The Department of Radiology is proud to introduce its new state-of-the-art Digital Mammography System in the fight against breast cancer. Broward Health Imperial Point patients now have access to the latest full-field digital technology for screening and diagnostic mammograms. This new technology enables the Radiologist to detect and further characterize suspicious or obscure pathology more precisely from the enhanced visibility and high contrast images the new system provides.
When it's time for your annual mammogram, ask your physician to prescribe a digital mammogram at Broward Health Imperial Point. Digital mammography is your newest ally in the fight against breast cancer. Digital images appear in seconds on a computer screen, revealing an exciting new world of diagnostic possibilities.
- Better visibility at the skin line
- Greater image flexibility
- Shorter exam times
- Faster results
- Fewer call backs
- Less anxiety
According to the National Breast Cancer Foundation, Inc, breast cancer incidence in women has increased from one in 20 in 1960 to one in eight today. If detected early, the five-year survival rate for this disease exceeds 95%.
Similar to conventional film mammography, digital mammography utilizes the same breast positioning and compression. However, the new digital system allows for significantly less compression time during the mammogram, in addition to less waiting time between patients.
What are the benefits of digital mammography?
- Up to 40% less radiation dose over standard film mammography
- Results are seen more quickly
- Fewer callbacks or retakes
- More precise image quality for more accurate diagnosis
Give yourself the best technology when you schedule your annual mammogram!
Changing breast care forever
Request your digital mammogram for all the right reasons:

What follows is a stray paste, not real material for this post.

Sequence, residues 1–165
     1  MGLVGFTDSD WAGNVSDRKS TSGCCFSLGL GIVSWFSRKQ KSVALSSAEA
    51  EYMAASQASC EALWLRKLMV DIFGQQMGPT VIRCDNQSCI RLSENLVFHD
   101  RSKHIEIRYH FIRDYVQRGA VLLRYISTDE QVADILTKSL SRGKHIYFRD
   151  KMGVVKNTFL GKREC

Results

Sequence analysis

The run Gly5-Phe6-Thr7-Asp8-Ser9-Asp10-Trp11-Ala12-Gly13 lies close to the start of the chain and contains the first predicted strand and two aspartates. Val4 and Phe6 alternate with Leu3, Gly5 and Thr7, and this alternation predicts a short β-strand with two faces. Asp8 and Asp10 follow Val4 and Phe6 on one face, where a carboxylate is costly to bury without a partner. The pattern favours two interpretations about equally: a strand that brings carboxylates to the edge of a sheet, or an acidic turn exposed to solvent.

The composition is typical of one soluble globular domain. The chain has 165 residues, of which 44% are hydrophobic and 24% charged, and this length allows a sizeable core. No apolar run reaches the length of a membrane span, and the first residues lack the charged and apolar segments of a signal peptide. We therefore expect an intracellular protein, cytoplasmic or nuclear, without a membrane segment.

A digital mammography exam usually takes less than half the time of a traditional film-based exam, and there's less of a chance you'll be called back to retake your images.
Your physician will gain viewing options with the unique ability to enhance certain areas to get a more precise picture of your condition.
Your breast images can be zoomed in and out, and the contrast can be lightened or darkened. Also, through an inverting feature, black can reverse to white and white can change to black. This feature helps detect microcalcifications, which is like revealing a grain of salt in a ball of clay. All these image enhancements help aid in proper diagnosis.
Digital images give better visibility of the breast, particularly near the skin line, chest wall and in women with dense breast tissue. Also, digital images are helpful for women with implants and for imaging patients with known abnormalities.
Digital images can be viewed on workstations anywhere in the world allowing physicians to compare current images to past images.
Breast MRI Screening
For high risk patients, breast MRI can detect minuscule breast cancers. Breast MRI is a breast-imaging technique that captures multiple cross-sectional pictures of the breast and combines them to create detailed, 2-D and 3-D pictures. It is performed when doctors need more information than what a mammogram, ultrasound or clinical breast exam can provide. It works regardless of breast size, density, patient age, presence of implants and/or prior surgery.
Other benefits include:
- Detects 2-8% more cancers than physical exams or mammography
- Almost 100% sensitive for breast cancers down to 3 mm
- Allows for earlier diagnosis with more favorable tumor stage
Early detection is on your side
Every day we learn more about breast cancer and how to win the battle. One fact is very clear – the distinct advantage of early detection. Fortunately, breast cancer is highly detectable through digital mammography screening. If breast cancer is detected early, before it spreads, 98 percent of the women will be alive five years later. The earlier it’s discovered, the earlier it’s treated, the better your chance of survival.
Still have questions?
Find the answers to the most common questions about digital mammography here.
If you have a physician prescription for a mammogram, call Central Scheduling at 954-759-7500 for an appointment at Broward Health Imperial Point.
If you need a physician referral, please call the Broward Health Line at 954-759-7400.